Two Indian-origin doctors in Queen’s Birthday honours list

0
2059

Community medicos continue to do us proud

Doctors must surely be one of India’s largest exports. The joke goes that no city in the world is complete without a Chinatown and Indian doctors.

India-trained doctors began to arrive in Australia after the White Australia Policy was done away with in the 1970s. Today, following many years of service, many of these have gone on to become highly valued members of society. A number of them have begun to feature on lists of Government honours announced on Australia Day and on the Queen’s Birthday. This year is no exception, with two Indian doctors in the most recent announcements.

Brisbane’s Dr. Ashim Kumar Majumdar and Sydney’s Dr Shiva Prakash have received the OAM honour in this year’s Queen’s Birthday honours.

Psychiatrist Dr. Ashim Majumdar is Chairman of the Medical Advisory Committee in a private hospital, senior lecturer in psychiatry at the University of Queensland, and a private practitioner since 2000. He arrived in Australia in 1978 after studying psychiatry in India and the UK, to work in public psychiatry.

“It has been a pleasure to work and provide psychiatric service to those in need, and to be able to serve the community,” he told Indian Link.

His particular passion in recent years, has been working with the Indian and wider community in promoting socio-cultural cohesion. Much of this work has been accomplished in his role as patron of the Bengali Society of Queensland and Senior Vice President of the Vedanta Centre, Brisbane.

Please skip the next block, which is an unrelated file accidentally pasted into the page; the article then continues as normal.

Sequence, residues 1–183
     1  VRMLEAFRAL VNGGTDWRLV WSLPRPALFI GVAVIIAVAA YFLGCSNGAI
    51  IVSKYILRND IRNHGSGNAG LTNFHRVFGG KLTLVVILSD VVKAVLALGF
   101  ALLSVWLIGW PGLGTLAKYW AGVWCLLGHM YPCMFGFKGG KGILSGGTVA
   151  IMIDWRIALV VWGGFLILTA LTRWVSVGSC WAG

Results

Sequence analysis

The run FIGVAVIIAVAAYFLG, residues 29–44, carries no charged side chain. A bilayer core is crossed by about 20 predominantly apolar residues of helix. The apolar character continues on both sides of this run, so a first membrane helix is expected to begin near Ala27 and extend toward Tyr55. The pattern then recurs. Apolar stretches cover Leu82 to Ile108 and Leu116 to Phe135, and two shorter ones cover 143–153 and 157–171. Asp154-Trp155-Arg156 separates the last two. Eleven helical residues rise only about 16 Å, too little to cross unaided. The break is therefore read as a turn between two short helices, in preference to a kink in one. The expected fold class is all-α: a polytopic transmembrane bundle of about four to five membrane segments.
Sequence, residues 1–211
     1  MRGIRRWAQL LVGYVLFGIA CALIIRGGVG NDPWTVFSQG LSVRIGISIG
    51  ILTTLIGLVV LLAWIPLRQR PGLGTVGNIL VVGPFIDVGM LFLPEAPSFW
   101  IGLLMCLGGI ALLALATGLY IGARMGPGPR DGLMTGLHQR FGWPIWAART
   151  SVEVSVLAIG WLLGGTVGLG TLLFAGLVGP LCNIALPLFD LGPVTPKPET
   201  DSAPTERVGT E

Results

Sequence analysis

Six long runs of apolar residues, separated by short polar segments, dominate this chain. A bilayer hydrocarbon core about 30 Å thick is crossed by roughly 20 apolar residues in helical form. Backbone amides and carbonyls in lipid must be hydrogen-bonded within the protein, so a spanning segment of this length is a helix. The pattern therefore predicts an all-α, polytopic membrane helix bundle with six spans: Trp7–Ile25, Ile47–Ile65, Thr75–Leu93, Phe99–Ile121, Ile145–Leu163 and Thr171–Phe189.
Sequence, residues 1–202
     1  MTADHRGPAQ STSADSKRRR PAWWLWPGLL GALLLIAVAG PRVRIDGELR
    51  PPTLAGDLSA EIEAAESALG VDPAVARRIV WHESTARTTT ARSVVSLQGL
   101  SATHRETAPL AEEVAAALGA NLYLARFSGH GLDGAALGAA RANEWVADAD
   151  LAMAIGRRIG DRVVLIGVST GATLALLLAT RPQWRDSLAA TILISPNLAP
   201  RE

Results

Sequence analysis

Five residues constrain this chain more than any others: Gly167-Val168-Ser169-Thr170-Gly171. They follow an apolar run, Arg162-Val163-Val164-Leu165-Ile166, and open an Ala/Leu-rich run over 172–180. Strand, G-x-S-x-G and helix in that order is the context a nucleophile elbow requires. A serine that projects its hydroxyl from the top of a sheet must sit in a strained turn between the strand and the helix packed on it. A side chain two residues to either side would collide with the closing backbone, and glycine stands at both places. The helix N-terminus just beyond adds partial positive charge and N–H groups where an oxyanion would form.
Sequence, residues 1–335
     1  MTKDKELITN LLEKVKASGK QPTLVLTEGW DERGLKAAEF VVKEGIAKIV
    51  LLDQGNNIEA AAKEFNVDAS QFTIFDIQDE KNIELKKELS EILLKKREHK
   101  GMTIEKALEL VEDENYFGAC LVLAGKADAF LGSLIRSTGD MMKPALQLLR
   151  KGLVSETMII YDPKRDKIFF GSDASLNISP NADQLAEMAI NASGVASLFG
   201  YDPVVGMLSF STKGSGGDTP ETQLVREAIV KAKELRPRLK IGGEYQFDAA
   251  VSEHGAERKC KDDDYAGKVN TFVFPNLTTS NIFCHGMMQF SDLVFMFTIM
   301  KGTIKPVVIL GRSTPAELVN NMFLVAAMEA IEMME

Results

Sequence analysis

General Practitioner Dr. Shiva Prakash of the Derby St Family Medical Centre at Kingswood, Sydney, told Indian Link, “It is gratifying that that I have been recognised for serving the community to the best of my ability as a GP, at the initial point of contact in illness.”

Dr. Prakash arrived in Australia in 1971 to work in the boutique Nepean Hospital. Five years later he became one of five resident medical officers and shortly thereafter, Deputy Medical Superintendent. He served there for 36 years, before taking up private practice.

“I love the community aspect of my job the best,” he said. “I came to the Penrith area as soon as I arrived, and I have never left. It is a beautiful place, made even more liveable by its wonderful people.”

As an active Rotarian, and as a board member of the Nepean Medical Association, Dr. Prakash finds many avenues to further his community-based activities.

Both doctors have many pearls of wisdom for newly arrived migrants.

“Australia is a wonderful country, a land of opportunity where one can enjoy life with dignity and freedom,” Dr. Majumdar noted. “As you start your life here, be sincere, honest and focus on your goals.  Also, be respectful of others and be good citizens.”

“I like the old adage, what you give, is what you will receive,” Dr. Prakash offered. “At work, be diligent and work to your absolute best. Keep an open mind always, and never stop learning.”